City workers could get small raise
Although it has not been budgeted yet, city officials are looking at the possibility of giving city workers a minimum of a two percent pay hike in the new fiscal year which begins on July 1.
Cairo City Manager Chris Addleton presented his proposed budget to members of the city council Monday night and the 2010-2011 spending plan is nearly $1 million less than the current operating budget.
The budget is smaller in large part due to fewer grant funded projects and the elimination of the debt on the expansion of Milestone Industrial Park.
Addleton presented city councilmen with a proposed new pay scale developed internally using pay scale reviews and salary survey benchmarks from studies done by the Georgia Department of Community Affairs and the Electric Cities of Georgia.
The current pay plan for the city is outdated with the lowest starting rate on the scale at $6.57 per hour, a rate lower than the federal minimum wage of $7.25 per hour.
“This is something that needed to be done. I don’t believe the pay plan has been revised since 2005,” the city manager said.
The overall consensus of the council Monday night was for Addleton to identify the necessary revenue to fund the revised pay plan, which he hopes will provide, at minimum, a two percent cost of living raise for all city employees.
“I would like the opportunity to try to find the money,” Addleton said.
The city manager believes he can through additional cuts to expenses in other areas of the budget. He also now has access to nine months of actual revenues and expenses, compared to only eight months when the budget proposal was put on paper.
Those employees at the lower end of the pay scale will benefit more than those at the top, according to Addleton. He estimates the annual cost of the pay plan revisions and a minimum of a two percent pay hike to be in the range of $200,000 to $250,000.
Without the pay raises and adjustments to the pay plan, the total budget currently stands at $35,780,084. The total amount requested by department heads was $36,427,096, but Addleton trimmed off $647,012. The bulk of those cuts was $420,000 in capital outlay expenditures the city manager removed from the spending plan.
After Addleton’s cuts, the total capital outlay is $5,486,550. Major projects being funded in the city manager’s recommended budget is the new water well and plant as well as the elevated water storage tank. The only vehicles included in the budget, as it currently stands, are three cars for the police department, a heavy duty pickup for streets & sidewalks and a digger derrick truck for the electric division of energy services.
The city manager is anticipating a hike in the cost of health insurance for city employees, but he is not certain how much that will be.
Mayor Richard VanLandingham suggested that the city manager review the city’s current health insurance offering and compare it with other local employers.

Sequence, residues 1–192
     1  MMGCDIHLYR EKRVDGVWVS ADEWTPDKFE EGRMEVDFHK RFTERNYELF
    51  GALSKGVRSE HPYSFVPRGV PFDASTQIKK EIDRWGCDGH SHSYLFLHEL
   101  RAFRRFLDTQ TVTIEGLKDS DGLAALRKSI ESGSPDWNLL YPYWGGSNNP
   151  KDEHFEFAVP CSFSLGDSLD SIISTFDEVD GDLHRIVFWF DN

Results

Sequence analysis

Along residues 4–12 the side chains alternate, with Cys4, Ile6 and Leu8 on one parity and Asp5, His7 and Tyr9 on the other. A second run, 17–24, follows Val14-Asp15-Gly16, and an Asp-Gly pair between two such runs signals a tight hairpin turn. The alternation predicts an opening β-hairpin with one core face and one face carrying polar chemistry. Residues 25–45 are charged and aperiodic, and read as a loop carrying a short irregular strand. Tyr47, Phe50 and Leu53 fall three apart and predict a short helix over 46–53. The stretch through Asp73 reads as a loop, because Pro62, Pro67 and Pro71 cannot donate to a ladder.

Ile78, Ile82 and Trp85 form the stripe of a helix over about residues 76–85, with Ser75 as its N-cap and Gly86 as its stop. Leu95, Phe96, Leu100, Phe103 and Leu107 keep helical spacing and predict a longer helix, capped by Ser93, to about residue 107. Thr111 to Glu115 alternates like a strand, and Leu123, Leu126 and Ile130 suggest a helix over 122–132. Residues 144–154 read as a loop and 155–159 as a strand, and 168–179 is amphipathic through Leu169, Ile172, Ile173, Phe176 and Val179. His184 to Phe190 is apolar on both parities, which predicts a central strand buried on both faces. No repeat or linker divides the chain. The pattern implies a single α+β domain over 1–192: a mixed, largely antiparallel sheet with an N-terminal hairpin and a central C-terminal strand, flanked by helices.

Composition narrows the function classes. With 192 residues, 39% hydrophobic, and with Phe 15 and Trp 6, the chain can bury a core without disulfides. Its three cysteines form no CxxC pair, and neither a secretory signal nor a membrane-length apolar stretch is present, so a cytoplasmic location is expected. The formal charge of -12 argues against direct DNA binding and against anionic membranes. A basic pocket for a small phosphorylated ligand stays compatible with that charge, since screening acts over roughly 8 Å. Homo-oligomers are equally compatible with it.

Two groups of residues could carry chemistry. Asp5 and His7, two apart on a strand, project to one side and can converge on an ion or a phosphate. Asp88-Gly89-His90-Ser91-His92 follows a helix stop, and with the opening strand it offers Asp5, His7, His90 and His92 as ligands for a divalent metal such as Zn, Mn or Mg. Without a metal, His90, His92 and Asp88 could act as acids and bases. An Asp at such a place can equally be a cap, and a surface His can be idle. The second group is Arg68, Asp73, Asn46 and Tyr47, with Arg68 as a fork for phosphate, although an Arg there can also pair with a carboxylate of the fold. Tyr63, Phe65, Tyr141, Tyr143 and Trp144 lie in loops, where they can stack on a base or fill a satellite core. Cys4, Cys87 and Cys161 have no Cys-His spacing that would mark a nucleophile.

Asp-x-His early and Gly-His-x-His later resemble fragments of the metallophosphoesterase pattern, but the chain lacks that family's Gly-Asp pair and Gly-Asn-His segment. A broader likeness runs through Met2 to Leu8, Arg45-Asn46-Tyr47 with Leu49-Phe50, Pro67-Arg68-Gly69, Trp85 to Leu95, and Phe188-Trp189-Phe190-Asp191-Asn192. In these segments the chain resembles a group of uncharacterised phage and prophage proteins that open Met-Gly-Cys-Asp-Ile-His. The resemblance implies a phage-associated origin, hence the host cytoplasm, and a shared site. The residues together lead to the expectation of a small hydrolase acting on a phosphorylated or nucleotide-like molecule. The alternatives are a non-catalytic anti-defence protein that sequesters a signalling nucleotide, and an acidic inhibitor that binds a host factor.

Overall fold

“There is no cost at all to the employee and that is so different from most all other companies. Most plans include some cost the employee must bear,” the mayor said.
He added, “not only do the employees pay nothing but the deductible is extremely low. This is one of the biggest costs we are looking at and we just need to do some comparisons.”
Councilman Ernest Cloud asked if the city manager had ruled out any possibility of the city going to a self-insured plan.
“I’m reluctant to go self-insurance because of our experience with rate of claims,” Addleton said.
“When you don’t pay anything, you don’t think about what it costs. By having the employees pay something, that is one way to get people involved in their health care. They are getting an unbelievable deal now,” the mayor said.
The current deductible for city employees is $250 and Councilman James H. (Jimmy) Douglas, who also serves as the finance director for the city of Camilla, noted that Camilla city employees have a $1,000 deductible and the council is considering raising it.
The city’s cost for insurance rose about 30 percent last year and Addleton is fearful another double digit increase will occur in the next fiscal year.
City Manager Addleton agreed the city needs to look at various options and he has invited Ron Arline, who handles the city’s insurance through United Healthcare, to the council’s May 10 meeting to present alternatives.
A huge plus for the city in the upcoming fiscal year is an approximately $100,000 drop in the amount the city must contribute to the employee retirement plan. Addleton says improvement in the stock market is making it possible for the city to lower its annual contribution as investment income increases.
Addleton’s spending plan does not include a tax increase or rate hikes for city utilities and services. However, the city manager does intend to implement a change in the water and sewer rates.
The city has contracted with Electric Cities of Georgia to conduct a cost of service study for the water and sewer division. Based on those findings, Addleton plans to put in a place a conservation rate and eliminate the first 3,000 gallons in the ready-to-serve rate.
“Whereas the first 3,000 gallons are included in the base fee, under the new rate plan, customers will begin paying for the first gallon of water they use. This will mean a lower cost for customers who use less than 3,000 gallons and will provide an incentive for those customers using more than 3,000 gallons to conserve,” Addleton said.
No additional personnel are recommended in the spending plan and Addleton noted that since 2006 the actual number of city employees had been cut by seven.
A public hearing on the city budget will be held on May 2 and final adoption will take place on June 25. Copies of the proposed budget are now available for review at City Hall.